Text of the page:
Under a brilliant blue sky, Tyrone “T-Bone” Taylor moved his motorcycle swiftly yet carefully Saturday around a bank of orange cones on a course created in a corner of Ebenezer African Methodist Episcopal Church’s parking lot.
His wife, Lashan “L.A.” Taylor, watched as a cluster of fellow motorcycle enthusiasts walked by sports bikes, cruisers and trikes, sharing stories and admiring how owners personalized their rides.
“I’m not a rider, not yet anyway — my husband is getting ready to get a seat put on the back for me — but on trips, I bring my car as support, the chase car,” she said before clapping as her husband finished the timed course.
The Taylors were on hand to participate in a Christian bikers conference hosted by the Fort Washington church last weekend, a gathering that attracted members of motorcycle ministries and other biking enthusiasts from around the region.
The three days of events drew members of church motorcycle ministries from as far away as Woodbridge and Southern Maryland and gave bikers a chance to meet, share stories, compete on obstacle courses and shoot the breeze about riding for Christ.
In another part of the parking lot, groups explored tents where vendors sold food, safety accessories and motorcycle parts.
Conference attendees, in leather vests and jeans or leather pants, called one another by their bike names such as “Jet” and “Moose.” Patches signified their affiliations and their affinity for Christ, with references to their churches.
The three-year-old ministry is open to all motorcycle enthusiasts — riders, passengers and supporters.
“It’s in your blood,” said Jacques “Moose” Wilson of Waldorf, a member of Kingdom Knights Motorcycle Ministry in Capitol Heights. “It’s a feeling you get that I can’t really explain.”
Motorcycle ministries have existed for decades, especially in areas of the country where racing and motorsports are popular, with many congregations or individuals affiliated for decades with regional and national groups, including the Christian Motorcyclists Association and Bikers for Christ. In the Washington region, such groups are gaining ground among both predominantly white and black congregations, with Ebenezer’s ministry being one of the youngest.
Ebenezer’s senior pastor, the Rev. Grainger Browning Jr., felt compelled to start a motorcycle ministry three years ago when he found out that there was an enthusiastic riding community in the church. He thought it would be a good way to build fellowship among the members. And so the Anointed Horsemen Motorcycle Ministry was born.
Browning recalled the funeral of Jacob Chestnut, one of two U.S. Capitol Police officers killed in the line of duty in 1998. He was moved by the outpouring of love and support from law enforcement officers across the nation — as evidenced by the hundreds of motorcycles parked outside the church where Chestnut’s funeral took place.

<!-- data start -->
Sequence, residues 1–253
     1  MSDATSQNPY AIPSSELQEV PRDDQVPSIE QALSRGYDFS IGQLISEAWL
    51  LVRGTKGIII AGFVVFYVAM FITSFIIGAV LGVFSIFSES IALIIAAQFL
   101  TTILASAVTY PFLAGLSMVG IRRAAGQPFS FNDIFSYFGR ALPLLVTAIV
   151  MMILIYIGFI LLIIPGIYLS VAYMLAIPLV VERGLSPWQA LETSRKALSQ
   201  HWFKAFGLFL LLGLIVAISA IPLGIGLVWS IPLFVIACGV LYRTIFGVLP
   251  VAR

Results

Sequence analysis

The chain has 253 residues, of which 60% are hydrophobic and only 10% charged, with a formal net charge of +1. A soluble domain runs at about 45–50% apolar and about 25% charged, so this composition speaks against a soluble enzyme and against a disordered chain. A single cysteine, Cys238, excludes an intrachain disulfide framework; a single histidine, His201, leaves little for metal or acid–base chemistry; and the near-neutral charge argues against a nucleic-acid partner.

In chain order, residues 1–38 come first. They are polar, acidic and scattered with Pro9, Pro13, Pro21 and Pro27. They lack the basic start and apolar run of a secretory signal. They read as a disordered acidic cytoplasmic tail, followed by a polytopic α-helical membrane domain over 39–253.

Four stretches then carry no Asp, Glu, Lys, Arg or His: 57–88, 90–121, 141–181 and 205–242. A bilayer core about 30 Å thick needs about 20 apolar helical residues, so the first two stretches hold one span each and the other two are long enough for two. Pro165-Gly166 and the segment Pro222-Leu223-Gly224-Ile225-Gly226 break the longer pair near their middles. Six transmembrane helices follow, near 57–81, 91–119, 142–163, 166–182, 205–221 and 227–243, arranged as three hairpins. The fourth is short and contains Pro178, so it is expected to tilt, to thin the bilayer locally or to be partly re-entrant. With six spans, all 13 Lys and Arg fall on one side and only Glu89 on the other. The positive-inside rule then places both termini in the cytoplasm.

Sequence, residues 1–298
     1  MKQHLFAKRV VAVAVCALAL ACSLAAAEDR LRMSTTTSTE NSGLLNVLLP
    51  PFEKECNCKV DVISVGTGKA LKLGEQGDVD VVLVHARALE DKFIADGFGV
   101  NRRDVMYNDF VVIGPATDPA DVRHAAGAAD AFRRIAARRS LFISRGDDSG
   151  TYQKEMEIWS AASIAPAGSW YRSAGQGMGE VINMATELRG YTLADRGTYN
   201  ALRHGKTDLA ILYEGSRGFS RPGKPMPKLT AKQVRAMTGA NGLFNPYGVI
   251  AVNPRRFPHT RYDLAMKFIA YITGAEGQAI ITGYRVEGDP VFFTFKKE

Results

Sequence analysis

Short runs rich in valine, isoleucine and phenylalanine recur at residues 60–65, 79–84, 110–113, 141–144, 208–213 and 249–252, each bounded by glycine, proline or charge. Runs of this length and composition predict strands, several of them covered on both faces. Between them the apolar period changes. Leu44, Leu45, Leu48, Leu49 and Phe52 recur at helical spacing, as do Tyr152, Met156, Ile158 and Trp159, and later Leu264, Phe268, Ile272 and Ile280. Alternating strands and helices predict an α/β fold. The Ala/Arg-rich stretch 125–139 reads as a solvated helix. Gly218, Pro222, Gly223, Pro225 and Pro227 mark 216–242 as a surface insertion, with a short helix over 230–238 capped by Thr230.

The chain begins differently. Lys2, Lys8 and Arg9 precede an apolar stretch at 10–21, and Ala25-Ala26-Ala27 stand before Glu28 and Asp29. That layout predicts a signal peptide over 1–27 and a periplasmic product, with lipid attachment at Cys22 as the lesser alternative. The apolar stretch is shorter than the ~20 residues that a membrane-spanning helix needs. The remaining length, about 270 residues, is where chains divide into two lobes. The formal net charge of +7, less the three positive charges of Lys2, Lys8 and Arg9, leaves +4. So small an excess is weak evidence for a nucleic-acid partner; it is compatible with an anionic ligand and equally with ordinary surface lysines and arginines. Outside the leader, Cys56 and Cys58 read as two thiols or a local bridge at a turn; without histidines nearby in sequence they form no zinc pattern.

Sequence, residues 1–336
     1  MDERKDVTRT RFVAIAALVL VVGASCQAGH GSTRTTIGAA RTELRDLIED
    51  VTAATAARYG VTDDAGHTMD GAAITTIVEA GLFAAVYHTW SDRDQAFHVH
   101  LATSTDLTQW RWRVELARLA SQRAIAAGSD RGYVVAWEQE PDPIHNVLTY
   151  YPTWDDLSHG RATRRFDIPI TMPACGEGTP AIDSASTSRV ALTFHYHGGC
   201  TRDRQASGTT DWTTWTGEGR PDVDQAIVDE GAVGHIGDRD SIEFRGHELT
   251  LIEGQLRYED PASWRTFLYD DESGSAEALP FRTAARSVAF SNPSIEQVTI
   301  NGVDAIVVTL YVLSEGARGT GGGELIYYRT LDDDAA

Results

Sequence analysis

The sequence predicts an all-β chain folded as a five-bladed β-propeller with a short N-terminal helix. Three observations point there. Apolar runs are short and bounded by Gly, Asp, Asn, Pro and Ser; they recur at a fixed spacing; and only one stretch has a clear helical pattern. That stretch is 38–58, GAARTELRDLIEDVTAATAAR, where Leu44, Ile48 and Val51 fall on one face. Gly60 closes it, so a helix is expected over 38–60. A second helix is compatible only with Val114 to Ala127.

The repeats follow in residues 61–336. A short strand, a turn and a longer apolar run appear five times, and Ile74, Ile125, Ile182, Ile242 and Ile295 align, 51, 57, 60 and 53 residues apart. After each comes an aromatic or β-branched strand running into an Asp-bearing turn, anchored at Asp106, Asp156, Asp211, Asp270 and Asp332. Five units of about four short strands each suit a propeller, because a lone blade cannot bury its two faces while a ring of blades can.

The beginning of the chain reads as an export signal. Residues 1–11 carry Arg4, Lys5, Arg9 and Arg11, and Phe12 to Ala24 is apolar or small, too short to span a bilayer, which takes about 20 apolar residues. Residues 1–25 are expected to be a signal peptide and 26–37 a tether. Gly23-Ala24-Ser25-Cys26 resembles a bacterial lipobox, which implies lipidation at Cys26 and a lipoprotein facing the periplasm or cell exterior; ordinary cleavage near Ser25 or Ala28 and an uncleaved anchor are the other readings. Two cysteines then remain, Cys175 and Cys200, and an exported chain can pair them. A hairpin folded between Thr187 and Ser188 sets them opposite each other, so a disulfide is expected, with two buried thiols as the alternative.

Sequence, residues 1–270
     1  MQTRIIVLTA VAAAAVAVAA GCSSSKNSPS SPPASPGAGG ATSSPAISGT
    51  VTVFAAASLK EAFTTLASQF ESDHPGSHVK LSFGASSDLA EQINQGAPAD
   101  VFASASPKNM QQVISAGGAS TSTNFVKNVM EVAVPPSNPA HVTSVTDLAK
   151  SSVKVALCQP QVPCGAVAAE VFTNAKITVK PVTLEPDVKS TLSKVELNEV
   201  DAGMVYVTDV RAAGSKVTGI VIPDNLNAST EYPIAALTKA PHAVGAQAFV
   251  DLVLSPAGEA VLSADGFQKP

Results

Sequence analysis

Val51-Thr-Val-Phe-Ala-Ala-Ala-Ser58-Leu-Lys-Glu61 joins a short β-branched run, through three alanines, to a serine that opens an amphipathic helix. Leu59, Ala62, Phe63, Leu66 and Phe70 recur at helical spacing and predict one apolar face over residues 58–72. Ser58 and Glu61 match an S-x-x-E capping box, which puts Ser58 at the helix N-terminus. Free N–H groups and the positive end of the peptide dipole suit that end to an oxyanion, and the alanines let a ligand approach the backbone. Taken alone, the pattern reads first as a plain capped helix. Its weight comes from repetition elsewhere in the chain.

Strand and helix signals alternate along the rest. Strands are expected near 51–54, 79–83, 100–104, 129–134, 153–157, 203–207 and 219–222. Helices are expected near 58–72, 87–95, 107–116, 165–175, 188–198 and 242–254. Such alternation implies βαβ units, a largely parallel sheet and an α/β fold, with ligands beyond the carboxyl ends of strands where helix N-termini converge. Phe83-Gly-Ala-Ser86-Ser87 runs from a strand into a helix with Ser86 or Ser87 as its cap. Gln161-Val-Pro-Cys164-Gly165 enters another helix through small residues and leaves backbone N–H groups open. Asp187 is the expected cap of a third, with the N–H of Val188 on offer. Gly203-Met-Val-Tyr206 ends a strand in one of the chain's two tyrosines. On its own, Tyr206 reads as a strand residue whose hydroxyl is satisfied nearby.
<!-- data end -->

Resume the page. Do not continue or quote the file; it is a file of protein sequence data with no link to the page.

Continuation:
Later, Browning marveled at the motorcycle club culture — the loyalty and the appeal to a wide swath of people — and envisioned a day when he would see many bikes outside his church. Bike blessings at Ebenezer started to attract members and nonmembers alike before the Anointed Horsemen group was established in June 2010.
“I thank God for this creative ministry,” said Browning, who has been on a motorcycle only once.
As the ministry grew, members reached out to groups such as Kingdom Knights, the Christian Motorcyclists Association and organizations affiliated with Godspeed Christian Ryderz Network.
“It is through that association that the idea for a Christian bikers conference was born,” said Don Norwood, president and co-founder of the Anointed Horsemen ministry, adding that older ministries “served as mentors to our ministry early on and assisted in the planning of this conference.”
Norwood said Browning tasked a few motorcyclists at Ebenezer with creating a group that glorified God through a cherished activity and extending the church to the motorcycle community locally and abroad.
“I got saved in a basketball league,” Norwood recalled. “God is everywhere, and he can be found in anything that you’re doing.”
Dean Clutts, a representative of Christian Motorcyclists Association in Southern Maryland, attended the event to bond with other bikers and to learn about their activities. About the appeal of motorcyle groups, he also said he appreciates the opportunity to serve others — whether it’s handing out water to participants and onlookers at a busy speedway or praying with someone awaiting medical attention after an accident.
“It is about being authentic,” said Gregg “Jet” Harris of Baltimore’s Kingdom Ryderz Motorcycle Organization. “Meeting people where they are and appreciating God’s beautiful earth together and being open to how God leads you.”
Jeannine Hunter, a former editor of The Washington Post’s On Faith Web site, is a D.C.-based freelance writer.